CCF Bank will pull out of Michigan
ALTOONA — Citizens Community Federal Bank is selling off its lone Michigan branch to a credit union based in that state.
Grand Rapids-based Lake Michigan Credit Union, which has 53 branches in Michigan and Florida, has agreed to purchase CCF Bank’s office in Rochester Hills, Mich.
The two financial institutions entered into an agreement on Nov. 30 for ownership of the branch office, according to a filing CCF Bank made in late January to the FDIC.
The purchase price was redacted in the filing. The Michigan branch has $34.7 million in deposits and about $300,000 in assets, including real estate.
The acquisition is scheduled to be complete by June 30, pending regulatory approval.
Customers of the branch have been notified that they will automatically become Lake Michigan Credit Union customers when the deal closes.
CCF Bank is headquartered in Altoona and has 21 branches between Wisconsin, Minnesota and the one in Michigan.
Unity Bank of Augusta merges with itself
AUGUSTA — Instead of continuing to operate separate charters for its territories in Minnesota and Wisconsin, Unity Bank is merging into a single entity.
The merger will help streamline the bank’s operations because the multiple charters were essentially running as separate businesses for decades, even though they have shared a common name and ownership.
The merger will take effect Feb. 25, but won’t have impacts on customers of the bank.
Patti Kutchera is being promoted to the role of regional branch manager for Unity Bank’s four Wisconsin offices — Augusta, Fall Creek, Fairchild and Neillsville — in conjunction with the merger.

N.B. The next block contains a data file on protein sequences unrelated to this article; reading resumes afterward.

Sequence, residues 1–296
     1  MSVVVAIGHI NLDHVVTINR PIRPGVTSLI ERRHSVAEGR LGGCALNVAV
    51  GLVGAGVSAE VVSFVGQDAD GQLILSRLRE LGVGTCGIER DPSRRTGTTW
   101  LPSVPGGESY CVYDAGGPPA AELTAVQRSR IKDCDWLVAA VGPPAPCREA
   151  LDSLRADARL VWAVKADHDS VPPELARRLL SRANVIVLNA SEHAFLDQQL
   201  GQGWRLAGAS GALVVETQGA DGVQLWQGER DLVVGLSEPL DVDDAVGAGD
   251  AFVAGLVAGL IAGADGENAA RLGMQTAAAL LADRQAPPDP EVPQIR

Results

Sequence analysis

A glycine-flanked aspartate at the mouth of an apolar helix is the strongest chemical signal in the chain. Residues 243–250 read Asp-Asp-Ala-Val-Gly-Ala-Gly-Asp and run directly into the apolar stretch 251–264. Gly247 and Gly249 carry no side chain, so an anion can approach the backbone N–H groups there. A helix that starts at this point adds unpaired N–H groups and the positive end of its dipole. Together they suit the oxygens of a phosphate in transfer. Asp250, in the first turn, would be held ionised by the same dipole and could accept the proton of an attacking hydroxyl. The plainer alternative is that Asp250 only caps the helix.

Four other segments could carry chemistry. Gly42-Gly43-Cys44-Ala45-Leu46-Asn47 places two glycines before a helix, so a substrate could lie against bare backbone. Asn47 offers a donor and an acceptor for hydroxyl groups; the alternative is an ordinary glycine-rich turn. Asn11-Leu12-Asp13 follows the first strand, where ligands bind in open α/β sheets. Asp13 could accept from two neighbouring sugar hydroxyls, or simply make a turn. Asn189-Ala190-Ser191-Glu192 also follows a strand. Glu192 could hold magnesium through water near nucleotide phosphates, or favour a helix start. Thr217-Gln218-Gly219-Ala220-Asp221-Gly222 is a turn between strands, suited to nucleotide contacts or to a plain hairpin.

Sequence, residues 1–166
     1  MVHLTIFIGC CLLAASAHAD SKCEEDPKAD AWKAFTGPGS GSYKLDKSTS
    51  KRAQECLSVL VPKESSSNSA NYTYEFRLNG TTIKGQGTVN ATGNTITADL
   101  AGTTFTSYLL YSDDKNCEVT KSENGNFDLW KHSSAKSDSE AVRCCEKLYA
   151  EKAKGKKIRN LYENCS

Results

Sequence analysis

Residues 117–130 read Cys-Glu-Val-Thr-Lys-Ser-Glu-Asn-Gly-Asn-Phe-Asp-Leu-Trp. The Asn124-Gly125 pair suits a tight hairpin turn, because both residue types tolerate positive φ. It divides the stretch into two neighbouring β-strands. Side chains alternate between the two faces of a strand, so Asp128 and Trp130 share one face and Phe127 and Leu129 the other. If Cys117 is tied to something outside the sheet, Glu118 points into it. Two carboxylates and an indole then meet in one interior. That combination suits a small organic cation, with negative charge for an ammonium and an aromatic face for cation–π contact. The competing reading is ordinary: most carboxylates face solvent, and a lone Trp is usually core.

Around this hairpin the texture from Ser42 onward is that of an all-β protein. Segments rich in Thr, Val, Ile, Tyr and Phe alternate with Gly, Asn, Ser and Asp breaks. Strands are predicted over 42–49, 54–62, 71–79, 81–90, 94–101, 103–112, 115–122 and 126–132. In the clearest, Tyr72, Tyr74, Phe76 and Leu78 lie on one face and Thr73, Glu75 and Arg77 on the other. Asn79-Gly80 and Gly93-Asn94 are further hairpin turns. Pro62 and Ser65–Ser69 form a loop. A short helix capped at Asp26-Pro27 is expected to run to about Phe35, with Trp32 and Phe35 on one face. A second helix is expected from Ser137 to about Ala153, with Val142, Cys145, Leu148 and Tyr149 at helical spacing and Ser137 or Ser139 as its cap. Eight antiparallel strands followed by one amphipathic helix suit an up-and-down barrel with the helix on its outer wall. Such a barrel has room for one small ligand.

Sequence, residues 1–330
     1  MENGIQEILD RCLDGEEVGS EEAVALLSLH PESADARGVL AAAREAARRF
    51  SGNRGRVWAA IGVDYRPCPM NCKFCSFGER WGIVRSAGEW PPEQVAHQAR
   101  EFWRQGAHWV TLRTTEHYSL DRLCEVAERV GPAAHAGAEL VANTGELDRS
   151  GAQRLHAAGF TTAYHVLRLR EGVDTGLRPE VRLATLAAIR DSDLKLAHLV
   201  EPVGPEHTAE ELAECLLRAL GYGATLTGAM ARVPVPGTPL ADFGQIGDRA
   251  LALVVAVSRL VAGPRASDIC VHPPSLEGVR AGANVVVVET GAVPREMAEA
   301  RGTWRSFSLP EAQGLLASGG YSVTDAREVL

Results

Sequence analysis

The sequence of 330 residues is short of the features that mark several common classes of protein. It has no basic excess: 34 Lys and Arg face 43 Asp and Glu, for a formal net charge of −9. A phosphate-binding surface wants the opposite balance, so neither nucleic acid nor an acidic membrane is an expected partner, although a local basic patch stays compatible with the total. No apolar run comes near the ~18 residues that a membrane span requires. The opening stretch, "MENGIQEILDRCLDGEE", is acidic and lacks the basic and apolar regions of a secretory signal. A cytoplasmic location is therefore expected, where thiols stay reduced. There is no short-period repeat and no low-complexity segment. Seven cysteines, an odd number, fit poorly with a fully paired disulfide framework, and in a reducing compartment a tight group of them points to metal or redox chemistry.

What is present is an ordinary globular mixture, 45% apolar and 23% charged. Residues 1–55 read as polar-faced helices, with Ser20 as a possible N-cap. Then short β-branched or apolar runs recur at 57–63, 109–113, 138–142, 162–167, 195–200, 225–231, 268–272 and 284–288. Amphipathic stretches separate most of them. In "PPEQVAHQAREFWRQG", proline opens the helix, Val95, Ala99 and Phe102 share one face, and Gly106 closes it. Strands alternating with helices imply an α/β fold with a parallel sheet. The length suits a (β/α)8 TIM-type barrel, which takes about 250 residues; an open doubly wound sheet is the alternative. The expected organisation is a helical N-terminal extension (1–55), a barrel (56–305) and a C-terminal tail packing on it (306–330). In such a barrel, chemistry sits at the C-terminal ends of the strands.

The community bank’s charters have all been owned by the Solsrud family of Augusta since the 1970s and Unity Bank will continue under their ownership.
In addition to its west-central Wisconsin offices, Unity Bank has 11 offices in Minnesota.
Trade venture deadline nears
Wisconsin companies interested in exporting are invited to participate in the state’s April trade venture to China.
Business leaders have until Feb. 26 to register for the trip, which will be April 5 to 17.
“China represents a market that cannot be ignored for Wisconsin, especially in the areas of medical and scientific instruments, industrial machinery and electrical machinery,” Katy Sinnott, vice president of international business development for the Wisconsin Economic Development Corp., said in a news release.
Companies on the trip will be scheduled to meet with potential Chinese partners during visits to Chengdu, Shanghai and Beijing.
Joining the trade venture costs $1,500 per person, which includes lodging and transportation in China, but attendees need to buy their own international airfare and most meals.
To learn more or to register, go online to wedc.org/china19.
• A safety refresher course for mine workers will be 8 a.m. to 4:30 p.m. on Friday at 29 Pines, 5872 33rd Ave., rural Eau Claire. The MSHA Part 48 class costs $135, which includes lunch. To register, call 715-944-9120 or email firstname.lastname@example.org.
• The Wisconsin Bankers Association recently recognized several employees of Eau Claire-based Security Financial Bank for working more than 30 years in the industry. Marcia Berger, Mary Berger, Cheryl Carter, Cindy Koller, Laurae Mallionson, Jean Marcon, Faye Owen, Paul Rudersdorf and Julie Sabelko won Lifetime Service Awards from the industry group.
From staff reports